State Senator-Elect Brenda Gilmore continues to call for clemency for Cyntoia Brown

Senator-elect Brenda Gilmore with other elected officials and community activists at a press conference asking Governor Haslam to grant clemency for Cyntoia Brown.

‘Women for Cyntoia’ held a press conference Thursday seeking clemency for Cyntoia Brown, and asking supporters to continue to call, write letters, and send emails to Gov. Haslam.

Sen.-elect Brenda Gilmore was joined by Min. Misha Maynard, COO Cathedral of Praise Church; Francie Hunt, executive director of Tenn. Advocates for Planned Parenthood; and Darlene Leong Neal, Women’s March Tenn. coordinator to ask the governor to grant a release to Brown before he leaves office on January 19, saying: “It is the right thing to do for this young woman.”

Women for Cyntoia was also joined by Rev. Keith Caldwell, president of the Nashville NAACP; Rev. Judy Cummings, senior pastor for New Covenant Christian Church, and other elected officials and community activists.

In 2004, Cyntoia Brown was convicted and sentenced to life in prison for the killing of Johnny Mitchell Allen. Brown, who was only 16 at the time and a sex trafficking victim, was in fear for her life and defended herself against a 43-year-old armed child predator who had kidnapped and sexually assaulted her.

The effort for Brown’s freedom has garnered national attention. Recently the Tennessee Supreme Court ruled that Brown must serve 51 years in prison before she’s eligible for release.

Gilmore opened the conference with a question: “Why do we treat children who are victims of sex trafficking as criminals?”

“Cyntoia has already served almost 15 years in prison,” she said. “To keep her in prison for 51 years is another travesty to a young victim of sexual exploitation. She was a 16-year-old child who was homeless, trapped in prostitution, and a victim of child sex trafficking. During August 2004, Cyntoia found herself in bed with an adult man, and believing her life was in danger, she shot and killed him.”

According to Gilmore, while incarcerated, Brown has successfully completed an associate’s degree from Lipscomb University, been a role model to other inmates, and managed to regain her self-confidence that was robbed of her by a life of prostitution.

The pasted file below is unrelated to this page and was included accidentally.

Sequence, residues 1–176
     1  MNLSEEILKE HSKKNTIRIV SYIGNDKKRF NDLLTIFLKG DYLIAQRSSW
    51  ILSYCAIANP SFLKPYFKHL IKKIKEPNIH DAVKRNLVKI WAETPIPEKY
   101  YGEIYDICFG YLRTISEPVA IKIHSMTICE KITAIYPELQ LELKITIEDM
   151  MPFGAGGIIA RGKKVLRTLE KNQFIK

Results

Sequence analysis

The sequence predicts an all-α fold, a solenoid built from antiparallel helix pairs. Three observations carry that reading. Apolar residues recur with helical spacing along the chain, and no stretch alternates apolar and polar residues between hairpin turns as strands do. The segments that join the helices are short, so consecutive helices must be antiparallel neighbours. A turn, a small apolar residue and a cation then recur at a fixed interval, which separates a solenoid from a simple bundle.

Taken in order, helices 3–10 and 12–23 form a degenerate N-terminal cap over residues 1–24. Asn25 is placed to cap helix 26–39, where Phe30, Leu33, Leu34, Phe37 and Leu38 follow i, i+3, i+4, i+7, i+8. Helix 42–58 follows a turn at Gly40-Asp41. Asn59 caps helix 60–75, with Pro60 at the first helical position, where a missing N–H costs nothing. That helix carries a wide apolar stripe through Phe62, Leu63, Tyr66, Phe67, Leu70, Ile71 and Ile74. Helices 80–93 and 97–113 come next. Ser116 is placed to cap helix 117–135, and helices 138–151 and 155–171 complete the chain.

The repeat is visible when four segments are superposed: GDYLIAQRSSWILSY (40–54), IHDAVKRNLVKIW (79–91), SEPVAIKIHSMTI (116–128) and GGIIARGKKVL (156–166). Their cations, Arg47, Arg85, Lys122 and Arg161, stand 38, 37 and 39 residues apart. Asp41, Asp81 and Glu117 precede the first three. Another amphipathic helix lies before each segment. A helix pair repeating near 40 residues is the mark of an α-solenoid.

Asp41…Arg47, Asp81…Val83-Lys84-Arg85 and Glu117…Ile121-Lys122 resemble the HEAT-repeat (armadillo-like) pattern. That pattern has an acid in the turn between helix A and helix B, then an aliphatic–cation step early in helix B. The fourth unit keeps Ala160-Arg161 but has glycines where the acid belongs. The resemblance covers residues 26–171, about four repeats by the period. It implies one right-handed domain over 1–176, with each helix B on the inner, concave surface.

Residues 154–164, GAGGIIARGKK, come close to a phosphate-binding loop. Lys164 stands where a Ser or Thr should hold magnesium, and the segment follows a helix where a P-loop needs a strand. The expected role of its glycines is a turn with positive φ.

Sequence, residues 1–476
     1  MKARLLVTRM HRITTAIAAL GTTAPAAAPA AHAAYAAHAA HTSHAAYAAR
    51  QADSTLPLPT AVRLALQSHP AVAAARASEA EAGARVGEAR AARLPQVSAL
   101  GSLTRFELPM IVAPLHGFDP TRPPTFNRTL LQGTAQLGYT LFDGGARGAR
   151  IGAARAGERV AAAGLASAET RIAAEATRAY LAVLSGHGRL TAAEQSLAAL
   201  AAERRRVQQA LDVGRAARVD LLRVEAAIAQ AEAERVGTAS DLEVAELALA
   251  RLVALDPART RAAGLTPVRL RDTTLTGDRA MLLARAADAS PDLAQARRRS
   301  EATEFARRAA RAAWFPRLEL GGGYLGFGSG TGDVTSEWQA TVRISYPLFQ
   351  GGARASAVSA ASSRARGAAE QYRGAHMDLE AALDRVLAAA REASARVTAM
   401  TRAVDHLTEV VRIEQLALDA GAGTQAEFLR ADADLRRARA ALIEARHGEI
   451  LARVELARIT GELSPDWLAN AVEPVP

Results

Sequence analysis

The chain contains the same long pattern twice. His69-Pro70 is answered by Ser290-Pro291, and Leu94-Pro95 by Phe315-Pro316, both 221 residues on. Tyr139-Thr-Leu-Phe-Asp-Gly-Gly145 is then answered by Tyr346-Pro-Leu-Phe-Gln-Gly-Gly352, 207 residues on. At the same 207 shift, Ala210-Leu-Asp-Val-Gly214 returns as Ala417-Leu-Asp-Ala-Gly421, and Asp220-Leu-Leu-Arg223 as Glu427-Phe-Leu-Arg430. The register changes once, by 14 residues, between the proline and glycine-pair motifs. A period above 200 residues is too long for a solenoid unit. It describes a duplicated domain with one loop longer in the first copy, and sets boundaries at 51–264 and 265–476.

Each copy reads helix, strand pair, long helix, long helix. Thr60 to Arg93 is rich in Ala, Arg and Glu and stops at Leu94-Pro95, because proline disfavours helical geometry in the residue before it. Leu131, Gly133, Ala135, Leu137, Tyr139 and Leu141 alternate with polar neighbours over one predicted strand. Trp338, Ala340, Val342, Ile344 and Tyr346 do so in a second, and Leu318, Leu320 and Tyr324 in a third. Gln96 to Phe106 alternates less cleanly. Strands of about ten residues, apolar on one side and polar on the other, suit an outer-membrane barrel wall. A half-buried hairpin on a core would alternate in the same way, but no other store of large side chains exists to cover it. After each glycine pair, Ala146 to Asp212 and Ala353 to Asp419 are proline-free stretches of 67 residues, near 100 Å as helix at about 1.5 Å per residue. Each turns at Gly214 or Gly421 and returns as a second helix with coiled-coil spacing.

“In the interest of justice, Cyntoia should be set free immediately,” she said. “It’s the right thing to do for this young woman”
“As a minister, I don’t condone taking another person’s life, but I believe that justice has been served,” said Rev. Misha Maynard. “The time is now, Gov. Haslam. I pray that God will touch your heart and change your heart and grant her full clemency.”

Maynard also called for further advocacy for sex trafficking victims: “We have to continue to unite, speak up and speak up not only just for her but for your daughters, your granddaughters, your sisters, your coworkers, your friends and yourself. Un-mute your voice and amplify Cyntoia’s.”

Rev. Judy Cummings called for Gov. Haslam to grant Cyntoia a ‘do-over:’

“[She was] trafficked by a man named cutthroat, a victim of a terror attack, terrorized by anything we could ever imagine. Tried as an adult rather than being tried as a child,” Cummings said. “Today we have an opportunity to do what is right. The governor has the opportunity to grant her a ‘do-over.’ Every now and then we have a chance to do a do-over. Thousands of your constituents have asked you to do a do-over, to do what is right, to give her mercy. The mercy she did not receive, but the mercy that is due her.”

At the conference, Rev. Keith Caldwell said that serving more time in prison would be unjust to Cyntoia. Caldwell asked the governor how he would feel if Cyntoia was his daughter or sister.

“The question is not what if, it’s that she is,” said Caldwell. “She’s all of our daughters and she’s a child of God. We need to do the right thing by her and we need to do it now.”

Others on hand discussed putting forth legislation to change the laws so that the circumstances endured by underage sex trafficking victim’s can be used to help mitigate sentences.

January has been designated National Slavery and Human Trafficking Prevention Month.

“It’s ironic that we are observing National Slavery and Human Trafficking Prevention Month, and at the same time we’re advocating for someone who is a victim of human trafficking,” said Sen.-elect Gilmore.